Simon Scullion's vibrant and playful set with Ben and Max Ringham's sound and Matt Haskins' lighting, all add to the dynamic of the show and make it feel like a mix of game show and Netflix rom-com. Overall it feels very of the moment and perfectly fitting for millennials today.

Whilst there is definitely some room to make all four characters fully rounded and cohesive, this is a fantastic debut for Games for Lovers. The cast are clearly tight knit and thanks to Anthony Banks' strong direction, everyone provides a comfortable, enjoyable and fun performance.

Games for Lovers isn't going to leave you questioning your life choices but it will leave you beaming from an utterly hilarious and fantastically enjoyable two hours.

Games For Lovers plays at The Vaults until August 25th

photo credit: Geraint Lewis

Games for Lovers, The Vaults | Review

Monday, 29 July 2019

Friday, 15 February 2019

Peter Pan Goes Wrong, Sydney Lyric Theatre | Review


Peter Pan Goes Wrong
Sydney Lyric Theatre 
Reviewed on Wednesday 13th February 2019 by Amy Mitchell 
★★★★

Peter Pan Goes Wrong is a theatrical disaster panto crammed with slapstick calamities and magic misadventures. The production is framed around the JM Barrie classic and follows the formula that delighted past audiences with The Play That Goes Wrong, from the same creators Mischief Worldwide Theatre Company. 

We’re introduced to a fictional and farcical troupe of amateur dramatists come outright nincompoops and their hapless attempt at putting on a play of Peter Pan. The scene is set on a revolving stage encompassing the Darling’s nursery, Neverland, the lagoon and a pirate ship. From the opening scene pandemonium explodes with absurd tomfoolery and monstrous malfunctions - lines are fluffed up, there are trips and falls galore, bunk-beds collapse, infidelities are exposed, stage-hands and props go rogue, Captain Hook has a minor emotional breakdown, Peter is concussed and Tinkerbell almost snuffs it. 

A wildly energetic ensemble cast with brilliant comic timing have the audience chortling at the relentless abundance of frantic visual comedy, corny gags and quick change disasters. Where it’s light on musical numbers (although one will have you toe tapping home) it’s brimming with exuberant physical wit.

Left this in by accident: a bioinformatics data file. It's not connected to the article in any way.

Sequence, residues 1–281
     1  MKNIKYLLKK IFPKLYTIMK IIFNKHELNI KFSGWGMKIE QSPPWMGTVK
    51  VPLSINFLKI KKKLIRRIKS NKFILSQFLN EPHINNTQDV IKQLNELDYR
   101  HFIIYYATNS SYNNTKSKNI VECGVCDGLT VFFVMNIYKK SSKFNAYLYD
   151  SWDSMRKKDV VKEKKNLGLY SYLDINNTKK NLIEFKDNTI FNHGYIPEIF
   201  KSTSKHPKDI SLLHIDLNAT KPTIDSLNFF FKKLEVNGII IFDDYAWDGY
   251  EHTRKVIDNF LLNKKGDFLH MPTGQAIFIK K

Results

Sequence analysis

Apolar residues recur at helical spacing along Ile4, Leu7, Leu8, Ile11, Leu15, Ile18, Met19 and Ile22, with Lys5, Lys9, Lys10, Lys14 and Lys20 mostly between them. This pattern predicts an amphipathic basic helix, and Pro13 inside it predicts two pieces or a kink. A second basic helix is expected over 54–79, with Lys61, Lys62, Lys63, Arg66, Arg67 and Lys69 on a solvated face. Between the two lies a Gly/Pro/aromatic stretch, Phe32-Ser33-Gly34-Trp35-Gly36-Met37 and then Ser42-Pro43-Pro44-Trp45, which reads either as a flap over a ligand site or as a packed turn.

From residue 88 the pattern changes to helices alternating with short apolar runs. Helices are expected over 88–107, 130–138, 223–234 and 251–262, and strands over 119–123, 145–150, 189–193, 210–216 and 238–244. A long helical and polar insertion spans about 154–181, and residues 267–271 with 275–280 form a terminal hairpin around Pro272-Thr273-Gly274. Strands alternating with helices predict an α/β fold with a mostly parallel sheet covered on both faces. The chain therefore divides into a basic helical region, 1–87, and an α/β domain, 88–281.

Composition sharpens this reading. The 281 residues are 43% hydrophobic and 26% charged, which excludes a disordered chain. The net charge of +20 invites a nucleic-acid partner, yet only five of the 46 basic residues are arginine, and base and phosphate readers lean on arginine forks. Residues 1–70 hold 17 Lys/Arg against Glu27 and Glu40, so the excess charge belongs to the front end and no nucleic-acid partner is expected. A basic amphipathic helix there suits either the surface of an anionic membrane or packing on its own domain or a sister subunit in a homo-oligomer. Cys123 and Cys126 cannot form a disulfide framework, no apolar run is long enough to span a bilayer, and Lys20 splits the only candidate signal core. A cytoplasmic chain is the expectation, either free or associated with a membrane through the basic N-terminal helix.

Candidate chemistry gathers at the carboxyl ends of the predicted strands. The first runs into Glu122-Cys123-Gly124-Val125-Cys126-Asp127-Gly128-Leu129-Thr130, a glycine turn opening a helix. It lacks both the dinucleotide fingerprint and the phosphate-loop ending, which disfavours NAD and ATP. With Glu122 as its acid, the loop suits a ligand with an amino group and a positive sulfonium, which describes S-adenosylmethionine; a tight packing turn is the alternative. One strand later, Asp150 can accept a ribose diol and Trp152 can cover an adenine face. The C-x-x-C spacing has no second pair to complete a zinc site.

The cast are multi-task magicians, with stand-out performances from Tammy Weller jumping hysterically between housekeeper Liza, Mary Darling, Tiger-Lily and Tinkerbell and Jordan Prosser flitting between 4 year old Michael Darling (complete with baby pink pyjamas), desperate but loveable Max and unwitting underdog hero, the crocodile. Francine Cain triumphs with an over-acted shimmy-athon as Sandra and Wendy Darling and Connor Crawford’s patriarchal parodies as the director, Daddy Darling and Captain Hook are wonderful. 

With only a smattering of surprises, the audience could anticipate the choreographed mayhem before it happened, and while the repetition stifled a few extra laughs, you’d be hard pressed not to maintain a delighted grin throughout at the playful and precise absurdity of it all. 

Peter Pan Goes Wrong runs at the Sydney Lyric Theatre until 3rd March 2019

photo credit: David Watson



Peter Pan Goes Wrong, Sydney Lyric Theatre | Review

Friday, 15 February 2019

Wednesday, 5 December 2018

Hot Gay Time Machine, Trafalgar Studios | Review



Hot Gay Time Machine
Trafalgar Studios 2
Reviewed on Tuesday 4th November 2018 by Olivia Mitchell
★★★★

Fun, flamboyance and festivity, Hot Gay Time Machine is probably the most fun you'll have at the theatre this year (and next year when it'll no doubt be ruling the West End and the world). Conceived by Zak Ghazi-Torbati, Toby Marlow and Lucy Moss, this show is a ridiculously humourous look and laugh at life as a hot (privileged) gay. With a pink carpet and sparkles abounding, Trafalgar Studios becomes the time machine as Zak and Toby travel through a series of iconic moments in their lives, accompanied by a catchy, riotous soundtrack.